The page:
That’s it! he thinks. Someone who knew me or my ex-wife at the MOMA, who knows my ways, tendencies, vulnerabilities. Ah, I will get you! I know you will be back, because you know of my self-pity and negation…you don’t think I deserve such anthropological delicacies and masterful strokes! Well, ha ha ha, I’ve got you now! I will wait, and while I wait at night when you cat burglar creeps crawl out of your crypts, I will look for my pilfered items on the street or black market, and I will make you wish you’d never been born into this sorry world!
And so he hits the streets of Manhattan – second hand art shops, galleries, pawn shops, art dealers, friends, acquaintances, former colleagues…
“Sorry, we don’t know anything. Can’t help you. Good luck” seems to be the consensus. He is hapless. He wanders down Fifth Avenue and into the Park and watches a group of pre-teens playing games. He envies their endless energy.
You followed him all day through the busy, dizzy streets and his muted flurry of activity and quest of recovery. He arrives back home, grabs a cold beer of some esoteric label or other, and as the plucky, hoppy concoction ameliorates the dry throb of thirst deep in his bones, blood, and being, he thinks, Maybe it was Martha. Would she? She very well could hire someone out, maybe. Cat burglar for hire? Married five years, and all that trust, respect, and adoration down the proverbial tubes?
He couldn’t resist drinking the rest of the lager-style beer down in one misery-extinguishing quaff. A buzz wafted quickly to his head as he ambled through the wreckage of the night before strewn about his quarters. He rifles through another shelf, pulls a black disc out of a large envelope of some kind and impales it on a metal needle, drops an arm upon it and turns the sound way up. It is some kind of jazz – frantic, throbbing, jaunty.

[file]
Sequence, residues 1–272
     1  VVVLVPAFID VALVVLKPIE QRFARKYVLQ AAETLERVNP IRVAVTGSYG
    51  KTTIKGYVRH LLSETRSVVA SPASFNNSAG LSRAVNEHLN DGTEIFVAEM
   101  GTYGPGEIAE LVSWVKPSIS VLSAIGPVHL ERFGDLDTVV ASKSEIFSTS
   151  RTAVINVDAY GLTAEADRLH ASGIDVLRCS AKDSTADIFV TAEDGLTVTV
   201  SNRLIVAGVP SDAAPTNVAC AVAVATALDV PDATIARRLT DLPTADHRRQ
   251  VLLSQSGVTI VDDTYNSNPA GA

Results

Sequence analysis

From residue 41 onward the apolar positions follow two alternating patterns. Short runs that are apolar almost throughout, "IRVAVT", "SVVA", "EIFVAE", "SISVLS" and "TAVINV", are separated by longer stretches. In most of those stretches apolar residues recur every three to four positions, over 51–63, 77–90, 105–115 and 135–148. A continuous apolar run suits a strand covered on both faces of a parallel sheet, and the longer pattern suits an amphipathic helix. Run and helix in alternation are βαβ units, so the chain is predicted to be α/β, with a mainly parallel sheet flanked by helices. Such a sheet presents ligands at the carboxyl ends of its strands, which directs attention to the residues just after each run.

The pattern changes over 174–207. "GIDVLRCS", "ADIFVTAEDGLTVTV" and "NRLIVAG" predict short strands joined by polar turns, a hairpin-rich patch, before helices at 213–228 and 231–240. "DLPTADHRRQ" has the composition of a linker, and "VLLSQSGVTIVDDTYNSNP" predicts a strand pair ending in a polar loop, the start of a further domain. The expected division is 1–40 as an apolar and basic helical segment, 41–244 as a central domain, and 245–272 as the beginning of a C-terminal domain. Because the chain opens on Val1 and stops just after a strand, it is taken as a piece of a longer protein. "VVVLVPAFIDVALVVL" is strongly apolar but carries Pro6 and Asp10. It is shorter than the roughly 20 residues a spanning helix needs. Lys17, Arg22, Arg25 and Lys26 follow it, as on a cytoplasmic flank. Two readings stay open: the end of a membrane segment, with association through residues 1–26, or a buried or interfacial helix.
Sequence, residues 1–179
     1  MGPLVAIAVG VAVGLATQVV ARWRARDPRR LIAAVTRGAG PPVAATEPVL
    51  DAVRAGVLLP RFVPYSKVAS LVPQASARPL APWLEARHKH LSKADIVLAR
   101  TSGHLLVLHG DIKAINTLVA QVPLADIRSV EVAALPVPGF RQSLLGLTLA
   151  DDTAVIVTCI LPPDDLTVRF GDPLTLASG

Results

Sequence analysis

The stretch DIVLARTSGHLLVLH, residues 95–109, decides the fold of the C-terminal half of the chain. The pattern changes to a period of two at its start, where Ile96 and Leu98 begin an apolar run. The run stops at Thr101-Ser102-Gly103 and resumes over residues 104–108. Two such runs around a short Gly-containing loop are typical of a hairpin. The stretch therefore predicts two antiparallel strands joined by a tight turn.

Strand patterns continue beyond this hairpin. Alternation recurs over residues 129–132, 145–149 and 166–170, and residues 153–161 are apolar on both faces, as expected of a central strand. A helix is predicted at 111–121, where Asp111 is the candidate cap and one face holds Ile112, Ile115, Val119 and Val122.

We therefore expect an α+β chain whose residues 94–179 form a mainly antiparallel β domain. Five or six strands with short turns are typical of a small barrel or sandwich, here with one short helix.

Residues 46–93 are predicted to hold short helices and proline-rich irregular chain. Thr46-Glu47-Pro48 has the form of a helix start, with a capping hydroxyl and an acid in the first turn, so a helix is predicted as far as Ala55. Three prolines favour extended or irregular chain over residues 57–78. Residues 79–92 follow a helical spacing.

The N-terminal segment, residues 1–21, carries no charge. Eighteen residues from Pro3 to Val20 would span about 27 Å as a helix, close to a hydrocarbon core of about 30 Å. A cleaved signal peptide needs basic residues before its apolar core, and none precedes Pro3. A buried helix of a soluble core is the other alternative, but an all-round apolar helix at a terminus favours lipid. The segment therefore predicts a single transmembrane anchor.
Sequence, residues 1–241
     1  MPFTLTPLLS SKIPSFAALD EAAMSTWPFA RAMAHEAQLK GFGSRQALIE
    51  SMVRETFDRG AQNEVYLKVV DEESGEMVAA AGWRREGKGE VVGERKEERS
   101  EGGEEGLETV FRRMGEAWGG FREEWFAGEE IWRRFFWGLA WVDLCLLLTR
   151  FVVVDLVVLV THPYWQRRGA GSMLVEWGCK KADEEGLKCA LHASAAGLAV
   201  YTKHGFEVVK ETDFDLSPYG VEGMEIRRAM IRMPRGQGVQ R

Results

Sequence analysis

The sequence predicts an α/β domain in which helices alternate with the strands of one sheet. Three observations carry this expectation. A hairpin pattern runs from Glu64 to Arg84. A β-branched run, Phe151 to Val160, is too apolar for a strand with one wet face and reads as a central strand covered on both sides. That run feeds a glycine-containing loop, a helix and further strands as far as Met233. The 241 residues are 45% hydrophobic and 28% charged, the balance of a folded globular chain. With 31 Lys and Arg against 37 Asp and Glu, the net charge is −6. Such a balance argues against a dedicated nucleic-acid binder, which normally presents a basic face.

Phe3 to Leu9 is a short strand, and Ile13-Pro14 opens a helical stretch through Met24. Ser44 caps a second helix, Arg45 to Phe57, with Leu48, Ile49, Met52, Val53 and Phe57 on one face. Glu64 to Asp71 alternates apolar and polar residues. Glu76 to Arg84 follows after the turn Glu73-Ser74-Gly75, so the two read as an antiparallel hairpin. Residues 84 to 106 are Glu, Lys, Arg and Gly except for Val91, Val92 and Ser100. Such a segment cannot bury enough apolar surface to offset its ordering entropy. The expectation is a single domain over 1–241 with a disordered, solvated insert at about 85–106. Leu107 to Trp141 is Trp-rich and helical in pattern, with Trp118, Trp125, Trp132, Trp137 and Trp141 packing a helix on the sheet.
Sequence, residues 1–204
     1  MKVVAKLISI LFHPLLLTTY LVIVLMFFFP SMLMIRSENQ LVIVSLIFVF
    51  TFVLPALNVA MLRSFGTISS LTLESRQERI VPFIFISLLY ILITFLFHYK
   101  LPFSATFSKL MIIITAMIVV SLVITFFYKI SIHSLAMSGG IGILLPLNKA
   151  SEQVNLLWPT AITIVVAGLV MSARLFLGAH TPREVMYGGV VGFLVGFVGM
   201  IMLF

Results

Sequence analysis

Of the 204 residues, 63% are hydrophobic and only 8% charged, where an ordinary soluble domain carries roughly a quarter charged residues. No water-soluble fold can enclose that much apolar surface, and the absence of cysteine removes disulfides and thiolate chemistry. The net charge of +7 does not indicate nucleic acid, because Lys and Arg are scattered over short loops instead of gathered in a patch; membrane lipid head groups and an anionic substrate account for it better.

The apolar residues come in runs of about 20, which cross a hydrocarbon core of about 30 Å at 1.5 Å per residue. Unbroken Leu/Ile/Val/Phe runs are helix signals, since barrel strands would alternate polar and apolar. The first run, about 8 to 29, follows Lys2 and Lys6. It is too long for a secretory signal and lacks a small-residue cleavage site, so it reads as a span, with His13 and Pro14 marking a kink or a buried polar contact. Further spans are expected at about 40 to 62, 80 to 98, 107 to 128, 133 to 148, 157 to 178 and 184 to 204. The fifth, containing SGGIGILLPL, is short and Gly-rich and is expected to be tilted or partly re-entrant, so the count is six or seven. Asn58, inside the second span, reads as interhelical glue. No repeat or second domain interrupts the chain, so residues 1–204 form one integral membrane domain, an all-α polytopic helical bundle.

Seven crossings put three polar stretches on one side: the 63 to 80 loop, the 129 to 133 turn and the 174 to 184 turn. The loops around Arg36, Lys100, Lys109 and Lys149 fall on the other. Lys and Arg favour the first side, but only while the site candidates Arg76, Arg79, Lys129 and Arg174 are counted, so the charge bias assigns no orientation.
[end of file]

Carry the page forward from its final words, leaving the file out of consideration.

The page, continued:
The next night comes, and there is nothing. Then, night number three. His senses are sharp: he is ready. He can almost feel the burglar preparing to come for him now. Some blues albums. A couple of “art films” on IFC. Some sketches of the demons he sometimes sees in his bedroom doorway upon waking. He hasn’t slept much in days. He is preternaturally exhausted, but he keeps watching the window he is sure the crafty burglar will return through.
He is nodding out a bit, now. He catches himself. He has his pistol in his hand, has turned all the lights off, feigning a sleeping household, but remaining awake, on a small couch across from the window that sits ten stories up on a fire escape.
And then, there the awaited bandit is: a sleek, black figure, stealthier than the midnight wind, quietly lifting the window and entering the room. He watches in rapt surveillance for a few more seconds, letting the tiptoeing, hated figure get further in and away from their escape route, then – he leaps up and hits the lights.
“Aha!” he exclaims. “I’ve got you now, you son of a bitch!”
He jumps on the thief, grabbing him forcibly around the neck, wrestling him to the ground, and getting little to no resistance, as he is a large man and the thief is rather wiry thin and small of stature.
“You bastard! You stole valuable things from me, and I will make you pay!” he shouts at the thief with unabashed hostility, pushing the gun to his temple and pulling off the thief’s mask. To his great surprise, it is not some scrawny little worm as he’d thought “him,” but instead a stunningly beautiful young woman with long, silky brown hair who is revealed to him. She gives him a shy, sheepish look, like “You got me”. The man is stunned on many levels, and simply gazes dumbfounded at the girl for a tense moment, wondering what on Earth could motivate such a gorgeous creature to violate him so.
“Why have you done this to me?” he asks her. She is unresponsive, caught.
This is 1,400 words of what will likely be a 10,000+ word story, or even a short novella. Feedback appreciated, and thanks for reading.